Tepid growth in parts of Asia and Europe will reduce the growth of California’s manufactured goods sector. Despite these factors, Nickelsburg says the state’s forecast for 2015 will be similar to 2014 and a stronger 2016 growth rate will result in the unemployment rate dropping to 5.3 percent.
“Our estimate for the 2014 total employment growth is 1.8 percent, and for 2015 and 2016 the forecast is for 2.1 percent and 2.2 percent,” Nickelsburg writes. “Payrolls will grow at about the same rate in the three years. Real personal income growth is estimated to be 3.1 percent in 2014 and forecast to be 4.5 percent in both 2015 and 2016.”
According to the forecast report, the unemployment rate will hover around 7.1 percent through the balance of 2014. Unemployment will fall through 2015 and will average approximately 6.6 percent, a slight decrease from the previous forecast. In 2016 the unemployment rate is predicted to be approximately 5.6 percent, a half percent higher than the U.S. forecast.
Much of Nickelsburg’s essay, titled “The Changing Face of Construction and Manufacturing,” focuses on California’s evolving workforce and labor demands.
“The transformation of the Golden State to the Information Economy of the 21st Century will continue apace,” Nickelsburg writes. “The real implication is that having the appropriate skills in the labor force is critical to keep the faster-than-the-U.S. economic growth going for the long-term. Because of this, the shape of immigration reform, the ability of California to attract highly-skilled labor from other parts of the U.S., and home-grown workforce development could derail or accelerate the forecast growth rates presented here.”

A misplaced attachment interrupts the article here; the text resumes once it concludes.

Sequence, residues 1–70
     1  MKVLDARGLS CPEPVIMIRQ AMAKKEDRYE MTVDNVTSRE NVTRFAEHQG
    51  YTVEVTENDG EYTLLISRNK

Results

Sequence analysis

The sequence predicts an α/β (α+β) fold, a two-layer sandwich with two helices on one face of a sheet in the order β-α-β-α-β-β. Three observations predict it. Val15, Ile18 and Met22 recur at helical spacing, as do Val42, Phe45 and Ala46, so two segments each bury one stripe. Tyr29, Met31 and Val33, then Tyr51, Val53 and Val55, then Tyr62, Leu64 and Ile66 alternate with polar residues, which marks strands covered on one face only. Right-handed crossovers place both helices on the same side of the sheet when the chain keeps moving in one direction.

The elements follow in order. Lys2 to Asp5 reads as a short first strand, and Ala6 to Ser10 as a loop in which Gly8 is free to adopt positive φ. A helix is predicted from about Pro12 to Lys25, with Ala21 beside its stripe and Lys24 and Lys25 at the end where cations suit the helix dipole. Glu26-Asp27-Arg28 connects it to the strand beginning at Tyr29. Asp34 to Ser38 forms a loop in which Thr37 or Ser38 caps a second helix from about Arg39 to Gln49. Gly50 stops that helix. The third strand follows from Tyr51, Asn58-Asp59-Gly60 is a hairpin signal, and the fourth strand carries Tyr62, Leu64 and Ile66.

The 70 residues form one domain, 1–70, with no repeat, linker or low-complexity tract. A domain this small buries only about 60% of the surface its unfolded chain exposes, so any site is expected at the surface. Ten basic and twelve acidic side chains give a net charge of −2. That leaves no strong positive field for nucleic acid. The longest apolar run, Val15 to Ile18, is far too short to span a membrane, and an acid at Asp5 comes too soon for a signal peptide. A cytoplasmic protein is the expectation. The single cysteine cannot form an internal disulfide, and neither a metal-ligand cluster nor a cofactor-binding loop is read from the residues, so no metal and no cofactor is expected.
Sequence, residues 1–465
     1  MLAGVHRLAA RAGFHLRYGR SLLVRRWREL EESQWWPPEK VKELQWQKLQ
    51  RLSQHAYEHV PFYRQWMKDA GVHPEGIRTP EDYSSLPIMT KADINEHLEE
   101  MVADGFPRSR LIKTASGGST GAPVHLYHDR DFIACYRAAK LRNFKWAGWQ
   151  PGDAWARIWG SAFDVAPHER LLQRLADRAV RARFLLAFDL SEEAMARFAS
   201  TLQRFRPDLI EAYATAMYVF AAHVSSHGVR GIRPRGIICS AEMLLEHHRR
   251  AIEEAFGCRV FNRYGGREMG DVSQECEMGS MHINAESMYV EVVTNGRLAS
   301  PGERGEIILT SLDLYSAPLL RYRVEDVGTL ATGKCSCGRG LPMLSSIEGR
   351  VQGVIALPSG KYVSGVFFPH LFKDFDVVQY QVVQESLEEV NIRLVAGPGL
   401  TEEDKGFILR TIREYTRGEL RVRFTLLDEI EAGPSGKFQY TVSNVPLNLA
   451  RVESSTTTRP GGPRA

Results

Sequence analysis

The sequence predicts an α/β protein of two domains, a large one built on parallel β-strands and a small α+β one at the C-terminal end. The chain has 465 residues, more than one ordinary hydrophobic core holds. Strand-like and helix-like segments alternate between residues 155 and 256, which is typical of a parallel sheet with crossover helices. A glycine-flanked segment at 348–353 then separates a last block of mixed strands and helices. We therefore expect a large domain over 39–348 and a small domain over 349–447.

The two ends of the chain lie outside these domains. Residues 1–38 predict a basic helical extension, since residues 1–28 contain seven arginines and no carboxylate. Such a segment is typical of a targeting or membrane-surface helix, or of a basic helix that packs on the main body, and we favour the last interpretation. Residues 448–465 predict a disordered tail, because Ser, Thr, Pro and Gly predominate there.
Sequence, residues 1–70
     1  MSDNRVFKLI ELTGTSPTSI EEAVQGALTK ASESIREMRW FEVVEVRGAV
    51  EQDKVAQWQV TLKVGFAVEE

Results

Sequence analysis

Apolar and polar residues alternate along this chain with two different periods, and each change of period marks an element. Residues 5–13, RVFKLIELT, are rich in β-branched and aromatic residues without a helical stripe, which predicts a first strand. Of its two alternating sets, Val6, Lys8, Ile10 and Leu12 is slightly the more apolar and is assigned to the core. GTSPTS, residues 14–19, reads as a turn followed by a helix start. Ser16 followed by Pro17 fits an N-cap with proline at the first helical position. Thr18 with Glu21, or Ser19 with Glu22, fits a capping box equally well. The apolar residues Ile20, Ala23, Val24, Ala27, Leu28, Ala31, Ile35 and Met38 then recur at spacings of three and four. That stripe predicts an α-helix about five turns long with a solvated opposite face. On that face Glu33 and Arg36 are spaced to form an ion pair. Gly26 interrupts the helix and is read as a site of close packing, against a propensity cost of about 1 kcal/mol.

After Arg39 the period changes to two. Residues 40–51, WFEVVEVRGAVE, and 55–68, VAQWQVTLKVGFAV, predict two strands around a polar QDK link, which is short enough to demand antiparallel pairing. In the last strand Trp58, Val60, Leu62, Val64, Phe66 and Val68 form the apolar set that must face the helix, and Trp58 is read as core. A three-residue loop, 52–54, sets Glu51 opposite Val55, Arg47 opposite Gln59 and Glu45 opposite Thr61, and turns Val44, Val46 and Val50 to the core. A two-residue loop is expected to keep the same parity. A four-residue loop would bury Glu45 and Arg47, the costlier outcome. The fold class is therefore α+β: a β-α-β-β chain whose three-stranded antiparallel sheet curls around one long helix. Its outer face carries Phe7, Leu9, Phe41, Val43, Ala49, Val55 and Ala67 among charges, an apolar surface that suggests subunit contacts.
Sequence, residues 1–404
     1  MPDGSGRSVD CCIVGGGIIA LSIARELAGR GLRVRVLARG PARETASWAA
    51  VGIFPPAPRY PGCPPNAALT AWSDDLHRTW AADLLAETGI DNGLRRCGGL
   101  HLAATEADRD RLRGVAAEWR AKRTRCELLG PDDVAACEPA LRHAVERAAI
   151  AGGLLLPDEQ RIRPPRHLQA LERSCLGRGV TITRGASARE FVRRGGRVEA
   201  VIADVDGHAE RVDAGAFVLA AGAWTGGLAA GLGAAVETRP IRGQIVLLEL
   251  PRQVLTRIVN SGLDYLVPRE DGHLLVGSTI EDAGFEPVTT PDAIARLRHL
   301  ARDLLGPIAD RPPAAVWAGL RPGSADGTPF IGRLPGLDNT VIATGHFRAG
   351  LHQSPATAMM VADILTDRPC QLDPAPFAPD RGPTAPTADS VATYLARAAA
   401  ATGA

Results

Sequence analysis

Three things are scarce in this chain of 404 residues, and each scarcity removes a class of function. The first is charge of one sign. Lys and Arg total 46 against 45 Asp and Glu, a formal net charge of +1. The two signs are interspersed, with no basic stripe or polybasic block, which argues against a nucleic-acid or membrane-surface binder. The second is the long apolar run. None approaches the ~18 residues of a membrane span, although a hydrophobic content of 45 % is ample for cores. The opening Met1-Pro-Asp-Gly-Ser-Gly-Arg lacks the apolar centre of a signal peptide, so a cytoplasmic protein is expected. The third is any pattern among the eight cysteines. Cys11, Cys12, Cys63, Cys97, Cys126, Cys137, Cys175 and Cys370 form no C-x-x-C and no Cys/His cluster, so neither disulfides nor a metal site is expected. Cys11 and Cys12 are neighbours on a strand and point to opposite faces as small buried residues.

Infrastructure and residential investment in Los Angeles
Economist William Yu authored a companion piece suggesting that Los Angeles build on investments in transportation and residential infrastructure.
In his essay, Yu shows that Los Angeles is the most congested metropolitan area in the U.S., and that Los Angeles’ future should include a shift in preference from suburban living to more affordable higher-density housing closer to the urban center. Higher-density cities do not necessarily have higher crime or lower-quality schools, and are actually more environmentally sound. Yu concludes that Los Angeles should continue and even expand its commitment to investing in public transportation and that a higher-density Los Angeles would partly solve the city’s problem of high home prices.
Rebuilding, reinventing and reimagining California’s infrastructure
The reports by Shulman, Nickelsburg and Yu will be presented at UCLA Anderson Forecast’s quarterly conference at 7:30 a.m. on December 10 at UCLA Anderson’s Korn Convocation Hall. The conference which will look at rebuilding, reinventing and reimagining California’s infrastructure. For more information or to register online, please visit the Anderson Forecast website.
UCLA Anderson Forecast is one of the most widely watched and often-cited economic outlooks for California and the nation, and it was unique in predicting both the seriousness of the early 1990s downturn in California and the strength of the state’s rebound since 1993. More recently, the forecast was credited as the first major U.S. economic forecasting group to declare the recession of 2001.